Spain’s CNMC Backed PRD Provisions for Gambling Restrictions

Spain’s national competition authority, Comision Nacional de los Mercados y la Competencia (CNMC), expressed its support for the draft legislation for tighter online gambling regulation.

‘Correct Adaptation to the Principles of Good Regulation’

The CNMC, Spain’s authority that ensures markets from all sectors adhere to consumer and company standards, released a report related to the draft Royal Decree (PRD) proposed by the government in July last year in an attempt to introduce a safer gambling environment.

Following a period of public consultations, the PRD that includes limits on player loss and gaming time for each online casino playing session was introduced to the CNMC for assessment in October.

Stressing on the “reason of general public interest” the restrictions would be introduced, the CNMC outlined in its assessment the decree “does not present unjustified restrictions on competition” and falls within the category of a “correct adaptation to the principles of good regulation.”

The authority is adamant that there would be the need for support for operators, both technical and legal, in cases when they would be required to suspend play from gamblers who exhibit signs of excessive gambling.

There Is Still More to Be Done

The draft Royal Decree that has provisions for mandatory loss and time limits for each player’s casino session sets the threshold at 50% of monthly recommended losses, classifying each player above it as intensive and requesting the operator to restrict any bonuses on such player accounts.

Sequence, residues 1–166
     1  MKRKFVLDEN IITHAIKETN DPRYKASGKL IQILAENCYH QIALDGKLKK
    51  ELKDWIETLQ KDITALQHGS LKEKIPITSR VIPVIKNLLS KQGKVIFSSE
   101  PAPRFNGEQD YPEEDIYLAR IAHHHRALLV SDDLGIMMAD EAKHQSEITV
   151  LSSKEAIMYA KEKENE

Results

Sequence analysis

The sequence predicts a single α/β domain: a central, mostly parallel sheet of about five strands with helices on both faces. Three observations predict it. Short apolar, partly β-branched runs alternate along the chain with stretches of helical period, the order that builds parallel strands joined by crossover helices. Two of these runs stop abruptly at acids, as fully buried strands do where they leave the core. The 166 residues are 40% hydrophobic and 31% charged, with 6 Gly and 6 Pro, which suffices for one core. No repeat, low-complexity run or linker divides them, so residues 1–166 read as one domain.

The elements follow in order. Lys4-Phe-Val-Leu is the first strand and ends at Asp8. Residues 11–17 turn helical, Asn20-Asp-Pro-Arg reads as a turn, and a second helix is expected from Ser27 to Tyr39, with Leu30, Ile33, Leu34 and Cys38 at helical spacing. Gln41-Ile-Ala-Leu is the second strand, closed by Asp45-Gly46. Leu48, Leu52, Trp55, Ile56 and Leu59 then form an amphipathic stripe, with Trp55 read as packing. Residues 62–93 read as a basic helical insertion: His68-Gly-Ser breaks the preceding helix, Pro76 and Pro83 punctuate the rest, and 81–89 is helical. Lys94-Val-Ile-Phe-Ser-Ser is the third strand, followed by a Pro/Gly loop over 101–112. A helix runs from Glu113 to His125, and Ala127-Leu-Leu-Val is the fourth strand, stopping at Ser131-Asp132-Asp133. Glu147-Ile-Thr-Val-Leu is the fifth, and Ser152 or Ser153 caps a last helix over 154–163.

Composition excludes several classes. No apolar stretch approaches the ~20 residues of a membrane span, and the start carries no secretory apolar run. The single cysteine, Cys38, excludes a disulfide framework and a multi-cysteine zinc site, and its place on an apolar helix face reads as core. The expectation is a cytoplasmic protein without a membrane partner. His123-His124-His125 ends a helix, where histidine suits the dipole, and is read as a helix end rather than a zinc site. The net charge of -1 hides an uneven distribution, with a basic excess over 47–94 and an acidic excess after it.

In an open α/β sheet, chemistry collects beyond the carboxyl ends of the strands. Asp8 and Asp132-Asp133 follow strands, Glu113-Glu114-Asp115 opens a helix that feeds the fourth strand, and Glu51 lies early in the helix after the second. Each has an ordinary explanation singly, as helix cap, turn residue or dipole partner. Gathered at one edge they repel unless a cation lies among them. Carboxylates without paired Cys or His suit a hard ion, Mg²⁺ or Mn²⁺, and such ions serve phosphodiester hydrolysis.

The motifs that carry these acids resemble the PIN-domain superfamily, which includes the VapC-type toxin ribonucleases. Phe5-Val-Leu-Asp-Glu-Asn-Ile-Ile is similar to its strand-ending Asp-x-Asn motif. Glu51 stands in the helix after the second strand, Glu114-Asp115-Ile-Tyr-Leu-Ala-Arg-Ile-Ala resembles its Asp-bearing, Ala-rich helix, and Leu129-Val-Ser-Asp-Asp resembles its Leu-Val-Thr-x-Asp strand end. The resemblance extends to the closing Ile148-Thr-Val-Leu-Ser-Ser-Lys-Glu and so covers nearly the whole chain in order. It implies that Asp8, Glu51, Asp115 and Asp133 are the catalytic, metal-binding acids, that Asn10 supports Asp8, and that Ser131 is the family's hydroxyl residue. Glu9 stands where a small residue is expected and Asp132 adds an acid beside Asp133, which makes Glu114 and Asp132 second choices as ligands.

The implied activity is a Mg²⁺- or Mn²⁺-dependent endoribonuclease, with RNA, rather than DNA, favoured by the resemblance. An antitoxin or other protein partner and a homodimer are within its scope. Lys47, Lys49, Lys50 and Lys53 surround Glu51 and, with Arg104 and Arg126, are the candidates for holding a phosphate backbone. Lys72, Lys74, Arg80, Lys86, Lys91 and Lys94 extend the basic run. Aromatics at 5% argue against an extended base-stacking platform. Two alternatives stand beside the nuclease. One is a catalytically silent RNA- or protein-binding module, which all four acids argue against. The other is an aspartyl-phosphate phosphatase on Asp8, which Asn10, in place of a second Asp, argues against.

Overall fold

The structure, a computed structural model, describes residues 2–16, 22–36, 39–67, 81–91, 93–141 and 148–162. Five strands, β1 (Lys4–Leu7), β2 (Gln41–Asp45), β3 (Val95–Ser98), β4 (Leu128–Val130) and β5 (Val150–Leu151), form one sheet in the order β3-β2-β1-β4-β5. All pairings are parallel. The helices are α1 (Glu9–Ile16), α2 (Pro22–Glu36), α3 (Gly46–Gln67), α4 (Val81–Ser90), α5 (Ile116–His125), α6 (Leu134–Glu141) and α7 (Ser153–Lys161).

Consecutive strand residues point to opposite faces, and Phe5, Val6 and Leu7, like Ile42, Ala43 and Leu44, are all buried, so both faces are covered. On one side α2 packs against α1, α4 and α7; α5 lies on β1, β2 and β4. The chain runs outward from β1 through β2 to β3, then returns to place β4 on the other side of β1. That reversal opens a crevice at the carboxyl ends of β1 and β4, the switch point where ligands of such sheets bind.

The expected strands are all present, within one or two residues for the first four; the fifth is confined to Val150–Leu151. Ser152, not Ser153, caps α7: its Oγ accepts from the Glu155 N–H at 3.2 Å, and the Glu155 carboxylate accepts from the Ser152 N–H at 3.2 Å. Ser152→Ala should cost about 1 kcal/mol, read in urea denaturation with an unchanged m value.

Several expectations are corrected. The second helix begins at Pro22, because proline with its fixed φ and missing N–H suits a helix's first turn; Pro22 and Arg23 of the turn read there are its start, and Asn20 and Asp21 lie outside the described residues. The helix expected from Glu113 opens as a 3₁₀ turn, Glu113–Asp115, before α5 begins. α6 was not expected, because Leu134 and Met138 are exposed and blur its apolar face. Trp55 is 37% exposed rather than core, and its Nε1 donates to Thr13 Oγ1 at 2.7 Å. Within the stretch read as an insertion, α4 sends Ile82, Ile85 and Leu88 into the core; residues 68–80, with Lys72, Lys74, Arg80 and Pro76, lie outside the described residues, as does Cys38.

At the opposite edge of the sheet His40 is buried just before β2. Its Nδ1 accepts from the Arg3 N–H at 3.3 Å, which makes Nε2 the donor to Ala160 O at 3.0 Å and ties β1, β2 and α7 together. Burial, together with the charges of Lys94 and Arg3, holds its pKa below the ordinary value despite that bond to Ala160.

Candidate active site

The PRD also claims that while the gambling sector has been already subdued to intense regulation, there is still more that can be done to ensure a higher level of protection for players and people at risk of developing a gambling addiction. The decree highlighted the importance of “prevention of addictive behaviors, the protection of the rights of groups at risk,” as well as “the protection of consumers” in general.

The Spanish government has always been looking to be proactive in terms of problem gambling, being wary of the effects of gambling on the population, regardless of official data showing no signs of any such developments, placing the country among those European nations with the lowest gambling-related harm.

Earlier this month, the Ministry of Consumer Affairs launched a public consultation related to revamping the treatment support network for problem gamblers as part of the Decree Project that seeks to implement a fully functional regulatory framework for the treatment centers across all 17 autonomous regions in the country.

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